The probability that an Evangelical reports being strongly affiliated with the faith increases from 0.4 to 0.5. As Schwadel reports, “disaffiliation may lead to greater average levels of commitment among the religiously affiliated.”

Reports by Pew and others find that the number of Evangelicals has been decreasing in recent years. As a result, Schwadel’s finding that the number of strong adherents has remained fairly constant over time would hint at the plausibility that the reason for the increase in strength of affiliation results mainly from the loss of marginally affiliated Evangelicals rather than from an increase in the absolute number of strongly affiliated Evangelicals.

Conversely, the reported decline in strongly affiliated Catholics might not be as bad news as it might initially seem by similar reasoning. Schwadel speculates that there could be two reasons for this decline among Catholics: the increasing media attention to the sex abuse scandals in the 1980s and the increasing number of Hispanic Catholics in the U.S. The first cause would be bad news. The argument would be that the absolute number of strongly affiliated Catholics declined in response to the revelation of the sex abuse scandal and the Catholic hierarchy’s response to it. This would cause a decline in the numerator and result in a lower probability that Catholics report a strong affiliation with the faith.

The increasing number of Hispanics, however, would create results that mirror the changing statistics for Evangelicals. According to Schwadel, more Hispanics report a not very strong or only somewhat strong affiliation with Catholicism relative to non-Hispanic Catholics. As a result of the increasing number of Hispanics in the U.S., the denominator increases for Catholics and the probability that a Catholic reports being strongly affiliated with the faith decreases. This would occur even if there were no decrease in the absolute number of U.S. Catholics who report a strong affiliation with the faith.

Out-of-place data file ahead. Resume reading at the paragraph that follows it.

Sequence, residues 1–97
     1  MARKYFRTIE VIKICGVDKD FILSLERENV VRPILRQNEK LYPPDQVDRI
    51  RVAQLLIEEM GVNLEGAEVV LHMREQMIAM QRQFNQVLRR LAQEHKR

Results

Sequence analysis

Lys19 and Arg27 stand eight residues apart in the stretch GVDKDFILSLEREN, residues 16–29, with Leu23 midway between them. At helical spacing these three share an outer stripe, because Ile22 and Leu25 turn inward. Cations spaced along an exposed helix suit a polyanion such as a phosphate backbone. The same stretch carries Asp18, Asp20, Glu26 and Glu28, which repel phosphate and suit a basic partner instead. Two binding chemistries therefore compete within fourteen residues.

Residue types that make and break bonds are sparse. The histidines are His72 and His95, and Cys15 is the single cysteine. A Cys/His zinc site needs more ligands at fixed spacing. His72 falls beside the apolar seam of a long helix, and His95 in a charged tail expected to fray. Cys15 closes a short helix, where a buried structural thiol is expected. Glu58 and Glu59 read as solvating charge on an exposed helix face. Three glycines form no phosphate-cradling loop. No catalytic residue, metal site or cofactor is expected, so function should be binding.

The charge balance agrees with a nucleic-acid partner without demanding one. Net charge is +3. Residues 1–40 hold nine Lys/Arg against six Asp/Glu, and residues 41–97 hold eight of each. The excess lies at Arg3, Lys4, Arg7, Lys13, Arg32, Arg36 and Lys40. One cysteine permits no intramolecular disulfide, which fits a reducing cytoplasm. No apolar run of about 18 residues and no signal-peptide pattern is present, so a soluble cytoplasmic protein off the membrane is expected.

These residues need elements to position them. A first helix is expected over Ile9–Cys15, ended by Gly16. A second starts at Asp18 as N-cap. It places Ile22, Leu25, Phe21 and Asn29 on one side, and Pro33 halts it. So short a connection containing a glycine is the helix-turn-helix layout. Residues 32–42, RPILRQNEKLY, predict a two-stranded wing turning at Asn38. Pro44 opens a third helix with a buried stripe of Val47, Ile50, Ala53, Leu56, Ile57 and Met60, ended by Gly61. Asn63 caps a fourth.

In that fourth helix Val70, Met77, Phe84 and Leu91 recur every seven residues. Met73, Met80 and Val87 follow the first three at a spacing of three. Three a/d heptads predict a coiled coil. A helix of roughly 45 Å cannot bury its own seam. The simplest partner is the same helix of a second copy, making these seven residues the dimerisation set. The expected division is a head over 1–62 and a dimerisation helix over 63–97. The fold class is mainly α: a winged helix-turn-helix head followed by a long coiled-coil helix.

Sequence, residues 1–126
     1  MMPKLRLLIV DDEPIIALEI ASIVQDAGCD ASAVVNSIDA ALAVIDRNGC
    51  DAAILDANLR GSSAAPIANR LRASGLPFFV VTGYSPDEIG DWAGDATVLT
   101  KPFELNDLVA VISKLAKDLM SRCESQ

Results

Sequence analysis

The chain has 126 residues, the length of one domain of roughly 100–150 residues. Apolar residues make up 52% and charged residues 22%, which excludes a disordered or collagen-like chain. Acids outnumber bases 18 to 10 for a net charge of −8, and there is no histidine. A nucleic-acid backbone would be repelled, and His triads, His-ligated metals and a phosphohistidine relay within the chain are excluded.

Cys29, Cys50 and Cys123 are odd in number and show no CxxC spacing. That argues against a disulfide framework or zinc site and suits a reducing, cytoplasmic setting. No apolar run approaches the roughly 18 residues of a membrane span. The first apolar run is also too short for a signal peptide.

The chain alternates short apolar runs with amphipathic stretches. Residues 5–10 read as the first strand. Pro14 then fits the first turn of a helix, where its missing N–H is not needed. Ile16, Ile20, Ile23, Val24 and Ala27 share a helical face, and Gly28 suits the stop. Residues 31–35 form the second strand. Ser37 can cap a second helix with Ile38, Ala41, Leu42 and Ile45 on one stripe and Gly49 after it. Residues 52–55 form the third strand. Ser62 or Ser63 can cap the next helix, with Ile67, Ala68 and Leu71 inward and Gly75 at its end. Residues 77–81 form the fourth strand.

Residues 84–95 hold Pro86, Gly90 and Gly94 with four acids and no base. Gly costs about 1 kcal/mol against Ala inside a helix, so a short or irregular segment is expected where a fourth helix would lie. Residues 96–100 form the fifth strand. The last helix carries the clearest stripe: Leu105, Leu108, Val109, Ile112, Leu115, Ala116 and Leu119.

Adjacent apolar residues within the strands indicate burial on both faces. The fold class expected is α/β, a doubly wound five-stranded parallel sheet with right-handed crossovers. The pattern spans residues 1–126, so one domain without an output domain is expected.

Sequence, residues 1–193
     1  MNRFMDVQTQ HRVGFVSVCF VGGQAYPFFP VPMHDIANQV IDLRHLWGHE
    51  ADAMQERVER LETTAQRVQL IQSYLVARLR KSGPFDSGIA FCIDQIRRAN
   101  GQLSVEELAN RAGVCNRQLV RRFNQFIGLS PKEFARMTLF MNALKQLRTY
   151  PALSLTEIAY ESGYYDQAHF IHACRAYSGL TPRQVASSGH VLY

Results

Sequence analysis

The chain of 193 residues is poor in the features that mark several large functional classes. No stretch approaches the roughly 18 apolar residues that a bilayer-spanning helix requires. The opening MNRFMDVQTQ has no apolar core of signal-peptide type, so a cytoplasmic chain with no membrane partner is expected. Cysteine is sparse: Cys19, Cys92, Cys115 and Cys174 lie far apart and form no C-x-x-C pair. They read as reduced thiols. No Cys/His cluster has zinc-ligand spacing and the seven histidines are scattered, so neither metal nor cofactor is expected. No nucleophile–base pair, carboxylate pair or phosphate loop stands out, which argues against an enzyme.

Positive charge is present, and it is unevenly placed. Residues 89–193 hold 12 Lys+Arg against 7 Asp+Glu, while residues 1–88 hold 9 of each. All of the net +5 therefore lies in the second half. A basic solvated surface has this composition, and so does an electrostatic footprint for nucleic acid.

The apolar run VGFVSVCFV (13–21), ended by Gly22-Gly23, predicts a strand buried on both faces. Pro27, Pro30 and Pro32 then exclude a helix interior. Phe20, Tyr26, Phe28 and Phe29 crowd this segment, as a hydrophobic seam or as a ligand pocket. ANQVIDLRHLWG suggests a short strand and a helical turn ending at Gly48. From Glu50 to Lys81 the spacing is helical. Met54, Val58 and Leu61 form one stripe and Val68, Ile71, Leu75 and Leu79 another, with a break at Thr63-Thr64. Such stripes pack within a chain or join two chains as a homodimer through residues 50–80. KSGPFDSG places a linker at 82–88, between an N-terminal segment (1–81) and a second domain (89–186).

That said, Schwadel discusses in passing the possibility that the seemingly full integration of Catholics into U.S. public life is not an unalloyed benefit for the institutional health of the Catholic Church. He writes: “As Catholics have moved from a group on the margins of society to playing a central role in American society and culture, the Church has become a less pivotal institution in Catholics’ lives.” Schwadel provides a couple of citations for this claim. The claim is presumably not unique to Catholicism but rather pertains to the strength of member affiliation for any once-excluded group as the barriers to social, economic, and political entry into the mainstream disappear.

Not that exclusion could ever be sought for the incidental effects it might have, however beneficial those effects might be. Schwadel’s observation does posit, however, a bit of a sobering counterpoise to the celebration in recent years for what the robust participation of Catholics in national political life might mean for the Church as an institution.

James R. Rogers is department head and associate professor of political science at Texas A&M University. He leads the “New Man” prison ministry at the Hamilton Unit in Bryan, Texas, and serves on the Board of Directors for the Texas District of the Lutheran Church-Missouri Synod. His previous “On the Square” articles can be found here .